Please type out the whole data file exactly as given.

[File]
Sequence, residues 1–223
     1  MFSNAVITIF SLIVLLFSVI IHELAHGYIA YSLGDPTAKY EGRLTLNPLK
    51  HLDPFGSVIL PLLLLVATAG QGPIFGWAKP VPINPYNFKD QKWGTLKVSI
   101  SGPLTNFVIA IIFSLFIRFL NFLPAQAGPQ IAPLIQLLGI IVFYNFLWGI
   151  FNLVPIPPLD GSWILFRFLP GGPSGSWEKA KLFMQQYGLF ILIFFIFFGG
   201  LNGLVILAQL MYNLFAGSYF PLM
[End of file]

Sequence, residues 1–223
     1  MFSNAVITIF SLIVLLFSVI IHELAHGYIA YSLGDPTAKY EGRLTLNPLK
    51  HLDPFGSVIL PLLLLVATAG QGPIFGWAKP VPINPYNFKD QKWGTLKVSI
   101  SGPLTNFVIA IIFSLFIRFL NFLPAQAGPQ IAPLIQLLGI IVFYNFLWGI
   151  FNLVPIPPLD GSWILFRFLP GGPSGSWEKA KLFMQQYGLF ILIFFIFFGG
   201  LNGLVILAQL MYNLFAGSYF PLM